Poet for humans and hounds

The goat skin mysteriously appeared one day on the back porch of the Berton House. Jeramy Dodds and his partner Brecken Hancock don't know where the fluffy white thing came from.

Dawson City

The goat skin mysteriously appeared one day on the back porch of the Berton House.

Jeramy Dodds and his partner Brecken Hancock don’t know where the fluffy white thing came from.

But its sudden appearance seems oddly fitting to Dodds’ residency here.

Dodds is interested in taxidermy. And animals. And he’s a poet.

Animals appear in the myths and literature of almost every culture. This gives poets a challenge: a bird or horse in an image needs to be familiar enough to be identified, yet the writing needs to catch attention and present something new.

Crabwise to the Hounds is the first poetry collection by Dodds, Berton House’s current writer-in-residence.

The title might lead readers to expect labours of anthropomorphism. But Dodds’ poems are experiments with time warps and word rhythms more than attempts to imagine animal intelligence.

“Animals are phenomenal,” says the Ontario-raised writer, “But I don’t believe in anthropomorphism. So I usually try to come at animals by looking at what we have in common, which is the physical.”

As an example, Dodds mentions Second Glance at Corrag, a poem he wrote to memorialize an Alsatian he lived with for two years. The lines move between simple itemization and lyrical metaphor: Corrag’s “mouth is my mother crying in the car-wash” and “his cochlea is a spoon-dug tunnel beneath/ the pet cemetery.”

A more concise emotional punch comes in The Casual Matador.

Here, the narrator wakes and, thinking the lover is gone for good, totters “like a bull/ full of swords.” The pain of stab wounds probably crosses species lines.

Digging into the physical is literally the basis of Dodds’ first professional career – he worked for several years as a research archeologist.

However, he has been writing since childhood.

“I don’t really remember when I started writing poetry,” he says.

“I think of writing poetry more as a practice,” he adds, half jokingly. “Not unlike medicine. My poetic licence could be revoked at any time, depending on readers’ reactions and if I still have anything worth saying.”

Crabwise to the Hounds (Coach House, 2008) did unusually well for a first book of poetry. It was nominated for the 2009 Griffin Poetry Prize and won the 2009 Trillium Award.

After this success, “I wanted to make sure I was pushing myself out of any habits I was getting into as a writer,” Dodds says.

To ensure a new relationship with words, why not learn a new language?

He started learning Icelandic to translate old Icelandic lore. He even moved to Reykjavik, his main home these days, while he earns a masters degree in Medieval Icelandic Studies at the University of Iceland.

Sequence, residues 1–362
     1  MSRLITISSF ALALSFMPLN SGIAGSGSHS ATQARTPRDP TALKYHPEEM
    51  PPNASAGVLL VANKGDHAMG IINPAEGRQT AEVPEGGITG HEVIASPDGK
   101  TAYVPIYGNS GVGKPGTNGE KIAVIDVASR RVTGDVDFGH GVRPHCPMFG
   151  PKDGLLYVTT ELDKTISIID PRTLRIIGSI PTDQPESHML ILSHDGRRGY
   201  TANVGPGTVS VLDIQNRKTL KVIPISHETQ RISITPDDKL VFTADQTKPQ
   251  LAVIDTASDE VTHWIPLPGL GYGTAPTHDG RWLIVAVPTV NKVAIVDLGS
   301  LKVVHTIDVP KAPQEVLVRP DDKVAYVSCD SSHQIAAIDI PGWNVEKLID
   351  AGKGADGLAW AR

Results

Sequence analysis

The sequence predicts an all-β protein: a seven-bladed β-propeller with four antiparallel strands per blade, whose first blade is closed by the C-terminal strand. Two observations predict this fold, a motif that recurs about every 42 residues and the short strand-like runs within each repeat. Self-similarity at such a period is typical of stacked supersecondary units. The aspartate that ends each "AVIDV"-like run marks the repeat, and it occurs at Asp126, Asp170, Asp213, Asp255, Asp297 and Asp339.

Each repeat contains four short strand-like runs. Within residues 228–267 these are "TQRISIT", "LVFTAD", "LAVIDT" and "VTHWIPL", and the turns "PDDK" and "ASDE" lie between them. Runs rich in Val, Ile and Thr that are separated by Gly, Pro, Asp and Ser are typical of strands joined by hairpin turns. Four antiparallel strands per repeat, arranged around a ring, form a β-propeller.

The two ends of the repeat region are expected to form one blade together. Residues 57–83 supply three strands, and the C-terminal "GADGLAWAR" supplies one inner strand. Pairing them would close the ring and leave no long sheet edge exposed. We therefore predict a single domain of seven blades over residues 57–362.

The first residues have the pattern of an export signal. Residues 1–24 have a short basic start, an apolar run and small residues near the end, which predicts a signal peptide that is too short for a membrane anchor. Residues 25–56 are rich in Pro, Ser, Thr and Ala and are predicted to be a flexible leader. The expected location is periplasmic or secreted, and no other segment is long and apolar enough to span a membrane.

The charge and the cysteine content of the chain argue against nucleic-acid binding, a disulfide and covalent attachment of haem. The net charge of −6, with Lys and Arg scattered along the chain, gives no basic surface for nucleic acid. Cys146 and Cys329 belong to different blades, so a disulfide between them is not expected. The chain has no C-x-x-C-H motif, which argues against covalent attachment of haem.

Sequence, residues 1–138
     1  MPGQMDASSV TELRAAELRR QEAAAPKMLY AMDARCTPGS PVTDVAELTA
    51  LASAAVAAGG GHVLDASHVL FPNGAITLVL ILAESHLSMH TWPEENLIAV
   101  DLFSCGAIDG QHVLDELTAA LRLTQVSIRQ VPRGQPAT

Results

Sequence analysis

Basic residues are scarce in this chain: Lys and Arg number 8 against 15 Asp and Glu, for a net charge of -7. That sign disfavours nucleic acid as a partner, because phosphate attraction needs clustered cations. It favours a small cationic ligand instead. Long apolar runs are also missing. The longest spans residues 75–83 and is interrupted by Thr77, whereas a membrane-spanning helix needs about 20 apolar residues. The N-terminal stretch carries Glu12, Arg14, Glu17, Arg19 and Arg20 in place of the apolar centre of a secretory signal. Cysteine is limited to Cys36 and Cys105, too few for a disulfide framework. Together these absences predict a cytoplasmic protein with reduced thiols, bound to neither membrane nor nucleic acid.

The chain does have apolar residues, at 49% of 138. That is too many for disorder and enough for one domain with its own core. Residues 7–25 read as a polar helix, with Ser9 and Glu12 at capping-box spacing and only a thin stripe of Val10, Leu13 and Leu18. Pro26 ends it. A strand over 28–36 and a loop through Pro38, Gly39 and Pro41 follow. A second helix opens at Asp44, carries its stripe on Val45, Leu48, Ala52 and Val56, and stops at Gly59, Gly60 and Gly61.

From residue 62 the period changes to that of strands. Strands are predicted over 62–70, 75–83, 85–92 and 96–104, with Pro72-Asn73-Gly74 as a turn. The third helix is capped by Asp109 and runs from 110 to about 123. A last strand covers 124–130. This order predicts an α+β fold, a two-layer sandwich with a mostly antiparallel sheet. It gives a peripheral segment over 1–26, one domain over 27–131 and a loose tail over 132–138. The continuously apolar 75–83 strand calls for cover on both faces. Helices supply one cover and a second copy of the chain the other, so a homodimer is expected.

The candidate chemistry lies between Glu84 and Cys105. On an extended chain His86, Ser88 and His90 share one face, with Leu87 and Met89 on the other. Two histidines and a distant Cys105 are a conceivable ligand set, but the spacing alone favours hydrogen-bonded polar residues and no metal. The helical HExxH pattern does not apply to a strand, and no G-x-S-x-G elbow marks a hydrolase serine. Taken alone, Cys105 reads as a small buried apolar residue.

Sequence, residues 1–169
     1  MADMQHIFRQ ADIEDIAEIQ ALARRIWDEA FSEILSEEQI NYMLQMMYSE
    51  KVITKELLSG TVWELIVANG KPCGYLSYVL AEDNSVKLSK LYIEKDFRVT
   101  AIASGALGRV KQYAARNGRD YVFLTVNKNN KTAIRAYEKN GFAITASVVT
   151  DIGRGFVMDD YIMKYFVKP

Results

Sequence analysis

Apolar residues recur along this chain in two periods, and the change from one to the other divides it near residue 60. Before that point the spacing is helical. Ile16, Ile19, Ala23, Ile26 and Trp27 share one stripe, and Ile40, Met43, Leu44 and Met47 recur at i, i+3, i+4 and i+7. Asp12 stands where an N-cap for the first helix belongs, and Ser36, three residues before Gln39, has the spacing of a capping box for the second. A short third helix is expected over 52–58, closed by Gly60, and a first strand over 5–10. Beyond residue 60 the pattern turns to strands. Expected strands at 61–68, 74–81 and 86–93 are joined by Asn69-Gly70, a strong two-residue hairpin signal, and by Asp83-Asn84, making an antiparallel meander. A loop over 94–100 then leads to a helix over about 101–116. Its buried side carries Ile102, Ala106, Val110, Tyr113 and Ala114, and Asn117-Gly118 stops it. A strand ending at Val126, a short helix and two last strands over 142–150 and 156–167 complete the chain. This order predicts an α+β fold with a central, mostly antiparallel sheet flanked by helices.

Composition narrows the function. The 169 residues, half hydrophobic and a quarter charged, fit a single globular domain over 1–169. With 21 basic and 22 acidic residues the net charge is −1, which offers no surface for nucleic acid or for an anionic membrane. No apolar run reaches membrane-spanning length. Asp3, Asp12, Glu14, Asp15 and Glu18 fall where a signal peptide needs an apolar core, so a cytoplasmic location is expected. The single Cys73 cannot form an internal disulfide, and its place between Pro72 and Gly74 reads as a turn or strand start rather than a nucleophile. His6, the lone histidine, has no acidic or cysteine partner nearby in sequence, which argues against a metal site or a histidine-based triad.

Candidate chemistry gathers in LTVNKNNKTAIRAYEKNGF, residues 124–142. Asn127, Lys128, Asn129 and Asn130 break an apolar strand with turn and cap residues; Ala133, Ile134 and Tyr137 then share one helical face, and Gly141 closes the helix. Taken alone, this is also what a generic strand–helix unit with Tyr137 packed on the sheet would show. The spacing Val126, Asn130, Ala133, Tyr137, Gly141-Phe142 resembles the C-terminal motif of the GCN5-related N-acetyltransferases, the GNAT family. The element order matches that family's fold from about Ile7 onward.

Talk about planning creative works over the long term!

Dodds is translating the Edda, a series of Old Norse poems originally recounted as live entertainment during the Viking age.

“The Edda were only written down in the 12th century, so the version we have is like the oral tradition being ‘flash frozen’ in time,” he says.

Dodds is more than two years into the project. He maintains the plot points, the metaphors and the musicality of language in the original, only updating the occasional idiom.

“The original uses ‘cross-dressing,’ so I use that term and also ‘drag queen,’” he says, explaining a scene that involves the god Thor dressed as a bride to retrieve his stolen hammer.

Translation was part of Dodds’ world before the Edda project, too.

In Crabwise, Dodds presents a unique poem about Ho Chi Minh by recreating the phonetics from a taped telephone conversation with the politician. Dodds does not speak Vietnamese. Instead, he composed English syllables that form sentences acoustically similar to the ones on tape.

And for a piece about Glenn Gould, Dodds invented a “complex and highly suspect form” of tabulature to “translate” the pianist playing Bach.

Dodds has been active in Dawson’s writing community since he arrived six weeks ago.

Publicly, he read his Thor-as-bride translation at the Break Up Theatre Festival in May, with his partner Brecken Hancock providing the second voice for dialogues.

One-on-one, Dodds offers feedback on works-in-progress, drawing on his experience teaching creative writing at the University of New Brunswick.

So far, local writers have discussed autobiography, poetry and drama pieces with Dodds.

“I enjoy the individual sessions because there’s more time to think about the work,” he says.

Dodds is at the Berton House until the June 29, so interested writers are encouraged to contact him for mentoring.

In terms of his own work, the residency has been fruitful for Dodds.

“The translations have been invigorated just by being here,” he comments, “all those Pierre Berton books staring me down from the bookshelf saying, ‘what are you waiting for … type!’”

And so, with ravens circling the house and a goat skin hanging on the back porch, Dodds continues bending legend into contemporary form.

Jeramy Dodds reads at the Dawson Community Library on June 16 at 7 p.m. and at the Whitehorse Public Library on June 30 at 7:30 p.m.